Heated political arguments over the federal stimulus package haven't subsided, but window manufacturers are starting to see some results from the bill -- at least for now.

Three top window manufacturers, including Andersen Windows of Bayport, Minn., have seen an uptick in business in recent weeks that they credit, at least in part, to a tax break for installing more energy-efficient windows that's part of the federal stimulus package.

For Andersen, that meant recalling 180 of the 560 workers it laid off in January.

"Business has come back a little bit," said Andersen spokeswoman Maureen McDonough. In addition to the stimulus package, she attributed the increase to spring weather and sales promotions. "We were expecting the first half of the year to be down substantially, with some rebound coming in the second half."

The new tax break, for 2009 and 2010, allows a homeowner a credit of up to $1,500 for installing energy efficient windows.

Over the past two weeks, the 180 Andersen employees reported back to jobs at plants in Bayport and Cottage Grove. "As our orders increased, we were calling them back," she said. Andersen employs about 3,700 workers at those two facilities and a plant in Menomonie, Wis.

Privately held Andersen did not release any sales figures Wednesday, but McDonough said that even with the increase, sales remain down from early 2008.

Andersen isn't the only window company experiencing improvement. Simonton Windows, Parkersburg, W.Va., announced Wednesday that it had recalled 110 employees at plants in West Virginia and Illinois and is looking to hire at its Oklahoma plant. The company, which also noted that business improves in the spring, said it's seeing interest in replacement windows from homeowners because of the stimulus program.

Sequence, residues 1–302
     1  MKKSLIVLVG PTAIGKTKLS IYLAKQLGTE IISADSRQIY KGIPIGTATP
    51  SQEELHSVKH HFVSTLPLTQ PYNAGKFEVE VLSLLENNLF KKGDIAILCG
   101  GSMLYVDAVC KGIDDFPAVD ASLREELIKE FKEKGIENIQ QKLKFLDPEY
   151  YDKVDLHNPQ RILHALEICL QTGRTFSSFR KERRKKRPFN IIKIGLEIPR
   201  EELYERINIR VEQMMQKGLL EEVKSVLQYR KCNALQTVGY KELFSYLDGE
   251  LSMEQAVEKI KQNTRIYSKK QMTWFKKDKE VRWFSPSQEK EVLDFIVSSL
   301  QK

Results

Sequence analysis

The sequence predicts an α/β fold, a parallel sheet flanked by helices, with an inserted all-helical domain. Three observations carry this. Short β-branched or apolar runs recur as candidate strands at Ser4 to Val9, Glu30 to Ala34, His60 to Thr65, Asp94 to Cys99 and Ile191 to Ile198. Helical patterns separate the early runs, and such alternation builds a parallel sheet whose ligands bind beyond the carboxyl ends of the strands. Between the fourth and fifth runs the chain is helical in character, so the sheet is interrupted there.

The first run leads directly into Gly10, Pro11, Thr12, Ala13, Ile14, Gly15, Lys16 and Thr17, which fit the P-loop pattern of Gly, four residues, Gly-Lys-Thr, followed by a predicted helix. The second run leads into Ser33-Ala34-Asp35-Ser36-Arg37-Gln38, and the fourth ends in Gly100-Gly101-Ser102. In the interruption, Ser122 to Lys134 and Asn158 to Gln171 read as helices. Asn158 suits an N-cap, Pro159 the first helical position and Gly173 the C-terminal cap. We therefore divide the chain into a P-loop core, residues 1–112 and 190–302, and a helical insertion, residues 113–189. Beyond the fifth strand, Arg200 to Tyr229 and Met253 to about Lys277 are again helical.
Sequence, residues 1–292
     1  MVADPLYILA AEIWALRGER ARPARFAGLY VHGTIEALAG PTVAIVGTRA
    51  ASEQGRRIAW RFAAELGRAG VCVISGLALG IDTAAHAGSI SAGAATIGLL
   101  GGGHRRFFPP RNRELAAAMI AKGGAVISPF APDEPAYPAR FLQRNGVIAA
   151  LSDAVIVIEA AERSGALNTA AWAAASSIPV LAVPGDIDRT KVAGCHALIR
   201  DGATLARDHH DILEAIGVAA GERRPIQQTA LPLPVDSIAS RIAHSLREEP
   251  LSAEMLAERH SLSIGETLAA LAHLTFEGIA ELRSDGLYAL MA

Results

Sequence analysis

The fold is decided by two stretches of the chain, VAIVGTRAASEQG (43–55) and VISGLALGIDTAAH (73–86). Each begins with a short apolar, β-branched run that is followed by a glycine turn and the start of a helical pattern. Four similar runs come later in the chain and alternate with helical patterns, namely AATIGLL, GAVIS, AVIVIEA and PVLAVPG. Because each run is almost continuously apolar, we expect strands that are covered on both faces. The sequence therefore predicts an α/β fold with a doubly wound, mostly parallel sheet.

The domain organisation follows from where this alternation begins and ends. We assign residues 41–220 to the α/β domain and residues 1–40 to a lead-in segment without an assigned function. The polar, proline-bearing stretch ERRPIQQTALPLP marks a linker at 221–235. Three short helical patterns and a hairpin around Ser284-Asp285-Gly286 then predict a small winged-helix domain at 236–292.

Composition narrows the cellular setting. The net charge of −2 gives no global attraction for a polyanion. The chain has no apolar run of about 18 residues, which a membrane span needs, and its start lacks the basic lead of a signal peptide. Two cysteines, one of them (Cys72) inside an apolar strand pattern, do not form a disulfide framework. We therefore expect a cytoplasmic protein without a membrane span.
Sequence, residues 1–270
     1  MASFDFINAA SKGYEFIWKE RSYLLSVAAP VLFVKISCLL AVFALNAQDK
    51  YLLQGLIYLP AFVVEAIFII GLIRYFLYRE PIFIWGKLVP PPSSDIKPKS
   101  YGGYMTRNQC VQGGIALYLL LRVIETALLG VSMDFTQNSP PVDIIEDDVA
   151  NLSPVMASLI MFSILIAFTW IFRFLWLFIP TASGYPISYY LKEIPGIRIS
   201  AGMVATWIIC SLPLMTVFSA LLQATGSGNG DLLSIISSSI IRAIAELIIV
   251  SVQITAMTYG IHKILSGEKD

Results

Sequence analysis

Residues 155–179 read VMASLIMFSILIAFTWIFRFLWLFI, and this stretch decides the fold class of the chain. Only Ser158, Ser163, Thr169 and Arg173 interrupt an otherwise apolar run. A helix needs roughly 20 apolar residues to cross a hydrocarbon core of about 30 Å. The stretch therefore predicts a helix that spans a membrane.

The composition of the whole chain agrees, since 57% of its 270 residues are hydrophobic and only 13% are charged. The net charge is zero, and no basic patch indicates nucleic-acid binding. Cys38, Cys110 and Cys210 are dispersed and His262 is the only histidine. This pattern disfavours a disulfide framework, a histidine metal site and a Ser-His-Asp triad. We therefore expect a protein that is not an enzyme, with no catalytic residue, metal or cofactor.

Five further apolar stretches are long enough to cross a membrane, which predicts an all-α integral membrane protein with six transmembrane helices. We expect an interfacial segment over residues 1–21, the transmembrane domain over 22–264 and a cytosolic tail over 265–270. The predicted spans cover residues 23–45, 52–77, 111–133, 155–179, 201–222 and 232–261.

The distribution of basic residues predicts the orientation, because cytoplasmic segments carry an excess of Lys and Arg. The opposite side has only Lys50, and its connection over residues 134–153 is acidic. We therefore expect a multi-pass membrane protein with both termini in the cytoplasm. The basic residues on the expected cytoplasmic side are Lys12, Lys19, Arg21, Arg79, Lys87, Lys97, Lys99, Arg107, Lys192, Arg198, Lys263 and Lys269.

Andersen, Simonton and Marvin Windows, Warroad, Minn., all are using the tax break in their marketing.

Marvin spokesman John Kirchner said that the tax credit is attracting interest in Marvin windows, including Infinity-brand windows made in Fargo, N.D. "Infinity has seen an increase in orders that meet the criteria to get the tax credit," Kirchner said Wednesday.

However, the family-owned company still expects 2009 sales to be smaller than last year. Marvin, established as a lumber company in 1912, has not laid off workers. In winter, Kirchner said, Marvin employees typically work 32-hour weeks for eight to 12 weeks. This year, the reduced-hour weeks are expected to last longer.

Andersen's McDonough said multiple groups within the housing market are interested in making window and door purchases this year. In addition to those staying put and upgrading the windows in their homes, she said, many people who are buying foreclosed houses need to buy new windows.

"We are hopeful that some of these federal programs will make a big difference," she said. While better sales in the past few weeks is welcome news at Andersen, McDonough added that "it's too early to tell whether there's a trend."

Liz Fedor • 612-673-7709